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My Evora N/A projects

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By repositioning the cable end 10mm it has shortened the 1-6 for/aft gear lever movement but the sided movement is the same travel. It feel slightly stiffer to operate but might help with good brand of synthetic 75w80 gear oil.

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Nice work Bob, sounds like we have both been doing the same kind of jobs.

Very interested to hear more about the gear linkage change.  What brand of gearbox oil did you use?  I went for Redline MTL 75w80 as it’s designed specifically for hard to shift boxes.  How much has it shortened the gear lever throw by?

Looking at my photo of when I injected oil into the gear cable ends, it seems you’ve changed the end fixing to a ball joint, presume you had to drill the arm / lever to fit it?

Here's a pic of mine.


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Measured 10mm from pin, drilled 5.5mm hole and tapped a 6mm thread and screwed in a ball joint and put a nut on the under side also. The gear lever throw reduced but not measured but is slightly stiffer to operate. Some people say you should remove the end weight of the selector, I tried it without it fitted but didn't make any difference to me, so refitted it. The oil is Fuchs Titan 75w-80 GL4.

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  • 3 weeks later...

Had the under tray of has had a rattle and found the exhaust 3rd cat delete pipe flange to the flexi bolt broken. Removed rear exhaust and had to grind and  drill out the broken screw as would not knock out and it was welded on the rear flange. Refitted the silencer with a new removable bolt and nut, so when I get a new silencer in the future it will be easier to remove.





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  • 3 weeks later...
  • 4 weeks later...

Well the car is off the road and I am going to do a full suspension strip down and rebuild. I have done this project on all of my Lotus and VX220 cars. You may think your car is nice and shiny on the outside and behind the unseen parts its very frightening. I have worked on and looked at many Lotus cars over the years and most of them would benefit with a refresh.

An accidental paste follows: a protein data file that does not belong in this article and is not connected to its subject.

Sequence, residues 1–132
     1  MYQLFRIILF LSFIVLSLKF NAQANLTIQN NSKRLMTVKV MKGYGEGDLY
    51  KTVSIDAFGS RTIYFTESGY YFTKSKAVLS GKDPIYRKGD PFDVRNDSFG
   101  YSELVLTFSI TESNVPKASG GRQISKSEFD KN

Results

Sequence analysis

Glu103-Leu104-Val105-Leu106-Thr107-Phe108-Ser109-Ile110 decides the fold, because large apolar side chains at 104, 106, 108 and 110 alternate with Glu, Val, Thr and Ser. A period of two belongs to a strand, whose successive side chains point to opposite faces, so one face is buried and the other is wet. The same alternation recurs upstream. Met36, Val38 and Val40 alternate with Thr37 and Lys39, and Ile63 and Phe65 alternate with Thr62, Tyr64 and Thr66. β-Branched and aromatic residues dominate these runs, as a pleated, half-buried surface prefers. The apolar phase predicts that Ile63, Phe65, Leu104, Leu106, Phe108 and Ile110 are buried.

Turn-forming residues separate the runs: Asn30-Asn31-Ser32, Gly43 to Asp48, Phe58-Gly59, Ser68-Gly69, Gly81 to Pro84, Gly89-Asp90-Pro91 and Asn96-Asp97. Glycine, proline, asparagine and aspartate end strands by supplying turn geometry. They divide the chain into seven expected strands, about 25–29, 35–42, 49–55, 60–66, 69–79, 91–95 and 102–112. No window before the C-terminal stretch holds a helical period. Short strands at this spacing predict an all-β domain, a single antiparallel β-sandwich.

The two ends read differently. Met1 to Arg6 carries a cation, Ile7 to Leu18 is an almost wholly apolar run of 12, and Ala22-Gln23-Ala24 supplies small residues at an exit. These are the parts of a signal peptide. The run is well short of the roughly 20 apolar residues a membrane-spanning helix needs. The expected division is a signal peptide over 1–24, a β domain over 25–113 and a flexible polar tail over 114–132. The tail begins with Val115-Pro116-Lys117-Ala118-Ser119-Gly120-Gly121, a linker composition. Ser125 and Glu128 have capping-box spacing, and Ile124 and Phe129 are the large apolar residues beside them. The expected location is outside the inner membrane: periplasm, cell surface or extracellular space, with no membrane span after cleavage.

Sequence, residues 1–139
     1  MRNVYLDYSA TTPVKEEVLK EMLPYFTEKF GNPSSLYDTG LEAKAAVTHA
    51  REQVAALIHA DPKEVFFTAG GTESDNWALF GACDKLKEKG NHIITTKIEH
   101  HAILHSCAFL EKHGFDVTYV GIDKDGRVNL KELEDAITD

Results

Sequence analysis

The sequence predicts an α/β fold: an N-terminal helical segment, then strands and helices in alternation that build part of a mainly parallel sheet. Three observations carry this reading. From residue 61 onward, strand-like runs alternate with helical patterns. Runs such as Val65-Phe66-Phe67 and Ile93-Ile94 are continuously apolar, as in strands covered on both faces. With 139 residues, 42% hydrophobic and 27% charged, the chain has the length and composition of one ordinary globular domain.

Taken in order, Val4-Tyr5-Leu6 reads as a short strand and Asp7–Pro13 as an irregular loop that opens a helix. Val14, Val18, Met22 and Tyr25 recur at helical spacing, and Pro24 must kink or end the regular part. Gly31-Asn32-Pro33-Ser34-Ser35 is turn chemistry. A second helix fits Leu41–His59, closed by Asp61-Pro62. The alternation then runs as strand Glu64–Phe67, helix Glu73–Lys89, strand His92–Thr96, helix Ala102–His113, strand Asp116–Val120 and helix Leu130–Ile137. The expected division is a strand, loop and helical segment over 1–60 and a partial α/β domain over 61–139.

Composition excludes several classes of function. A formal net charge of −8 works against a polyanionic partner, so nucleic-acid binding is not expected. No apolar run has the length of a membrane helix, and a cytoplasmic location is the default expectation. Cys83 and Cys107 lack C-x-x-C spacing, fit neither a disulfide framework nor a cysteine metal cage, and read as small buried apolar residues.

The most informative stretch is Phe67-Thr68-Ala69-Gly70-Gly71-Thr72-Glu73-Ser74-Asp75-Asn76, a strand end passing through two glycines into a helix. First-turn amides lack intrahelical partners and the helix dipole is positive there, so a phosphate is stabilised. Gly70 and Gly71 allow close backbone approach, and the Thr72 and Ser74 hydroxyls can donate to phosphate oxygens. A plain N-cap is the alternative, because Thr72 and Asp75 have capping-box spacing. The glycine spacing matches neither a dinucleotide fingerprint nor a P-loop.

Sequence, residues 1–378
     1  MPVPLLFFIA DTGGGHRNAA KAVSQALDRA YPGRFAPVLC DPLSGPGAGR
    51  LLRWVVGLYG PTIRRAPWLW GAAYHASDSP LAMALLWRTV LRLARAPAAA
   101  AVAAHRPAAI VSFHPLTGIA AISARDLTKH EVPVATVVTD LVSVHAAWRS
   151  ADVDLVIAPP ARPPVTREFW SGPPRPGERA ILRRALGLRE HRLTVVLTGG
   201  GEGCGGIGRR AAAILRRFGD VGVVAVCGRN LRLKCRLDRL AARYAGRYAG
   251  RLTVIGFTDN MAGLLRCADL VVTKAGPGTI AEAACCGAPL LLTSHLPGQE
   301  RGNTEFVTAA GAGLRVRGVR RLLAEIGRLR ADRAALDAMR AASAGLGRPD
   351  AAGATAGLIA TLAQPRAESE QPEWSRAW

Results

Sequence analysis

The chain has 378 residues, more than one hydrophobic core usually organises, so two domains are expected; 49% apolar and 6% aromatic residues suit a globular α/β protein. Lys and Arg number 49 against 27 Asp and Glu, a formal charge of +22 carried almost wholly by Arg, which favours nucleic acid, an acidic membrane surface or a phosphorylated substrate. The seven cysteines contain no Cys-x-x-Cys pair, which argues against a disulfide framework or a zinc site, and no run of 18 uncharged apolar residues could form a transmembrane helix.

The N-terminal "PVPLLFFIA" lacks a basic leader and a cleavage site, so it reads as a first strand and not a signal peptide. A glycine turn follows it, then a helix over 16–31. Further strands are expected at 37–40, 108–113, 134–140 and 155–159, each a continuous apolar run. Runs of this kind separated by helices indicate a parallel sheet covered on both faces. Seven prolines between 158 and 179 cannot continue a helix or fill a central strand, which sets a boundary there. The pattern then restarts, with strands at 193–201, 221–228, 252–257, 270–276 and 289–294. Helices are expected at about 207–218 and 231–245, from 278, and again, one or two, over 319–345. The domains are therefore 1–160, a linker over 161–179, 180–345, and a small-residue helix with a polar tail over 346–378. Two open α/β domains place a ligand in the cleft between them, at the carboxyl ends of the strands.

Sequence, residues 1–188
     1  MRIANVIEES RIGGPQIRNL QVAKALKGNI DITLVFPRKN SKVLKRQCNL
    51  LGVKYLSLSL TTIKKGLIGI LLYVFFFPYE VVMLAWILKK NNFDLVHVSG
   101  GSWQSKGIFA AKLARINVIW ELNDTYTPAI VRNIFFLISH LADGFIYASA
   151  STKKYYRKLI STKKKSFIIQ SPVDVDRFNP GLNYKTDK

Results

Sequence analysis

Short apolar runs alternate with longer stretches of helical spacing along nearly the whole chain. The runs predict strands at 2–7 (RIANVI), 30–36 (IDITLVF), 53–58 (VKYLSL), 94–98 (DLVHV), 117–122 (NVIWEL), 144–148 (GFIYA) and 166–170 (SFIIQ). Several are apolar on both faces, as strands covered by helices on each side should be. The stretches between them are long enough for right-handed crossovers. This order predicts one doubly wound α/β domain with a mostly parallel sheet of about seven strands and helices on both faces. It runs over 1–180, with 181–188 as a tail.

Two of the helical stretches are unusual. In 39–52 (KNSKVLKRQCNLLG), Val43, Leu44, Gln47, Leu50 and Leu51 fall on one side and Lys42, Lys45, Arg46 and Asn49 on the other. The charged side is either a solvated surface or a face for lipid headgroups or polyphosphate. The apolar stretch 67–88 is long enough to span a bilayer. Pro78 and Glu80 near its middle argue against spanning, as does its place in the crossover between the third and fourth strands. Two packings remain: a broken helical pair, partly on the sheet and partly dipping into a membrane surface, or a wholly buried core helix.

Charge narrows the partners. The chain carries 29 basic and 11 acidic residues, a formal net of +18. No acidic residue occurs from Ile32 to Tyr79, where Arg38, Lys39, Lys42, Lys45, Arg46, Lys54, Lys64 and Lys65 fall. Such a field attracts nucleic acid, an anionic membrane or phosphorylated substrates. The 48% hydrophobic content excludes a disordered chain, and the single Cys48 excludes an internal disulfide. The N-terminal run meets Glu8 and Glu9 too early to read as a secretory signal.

The plan is once its stripped down is to inspect and get all the parts blasted and repainted. Replace any worn parts and all the bolt/nuts and fixings. 

Got the car on the lift and wheels removed and some pictures of what's hiding behind the wheels, which you never see when driving the car.

My Evora is 2010 40k miles and a full Lotus service history and I have worked on younger and lower mileage ones and in worse conditions.










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I did a suspension refresh earlier this year prompted by a worn lower ball joint on the nsf wishbone - and these ball joints are non service items so you need a complete new wishbone which comes with the bushes and ball joint fitted.

I had new oem shocks and springs anyway, purchased from Lotus when they were selling off surplus parts stock -  very cheaply.

I also fitted new purple power flex arb bushes and new front drop links. I removed the headlamp support brackets and cleaned them up and sprayed them. I already had s steel mudflap brackets.

The wishbones, being forged aluminium only really need the odd wipe down - far better than Elise ones!
Then all 4 corners had a good coating of ACF 50.

The front shock and spring units are a bit of a fiddle to remove, rears are easy.

Mine is  also same age and mileage.

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Applied the hand brake and slackened the drive shaft nuts which were FT prior to removing the brake pads and calipers. Released the the handbrake and removed the rear discs. Removed the tight hub assembly bolts from the wishbones then had to use pullers to remove the hubs from the shafts. The fronts were easier to remove as no drive shaft nut to remove.






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Got the shockers and the wheel hub assemblies blasted and prepped up for painting. Galvanised the chassis and started to assemble the painted parts with new zinc plated bolts. Replaced the rear tow links with Spitfire links. 







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Refit rear handbrake brake shoes with new cables as the old cables were starting to rub through on the lower wishbones and the inner cable was starting to loose its Teflon coating. Put extra shield covering on the cables to prevent future rubbing on the Lower wishbones. 



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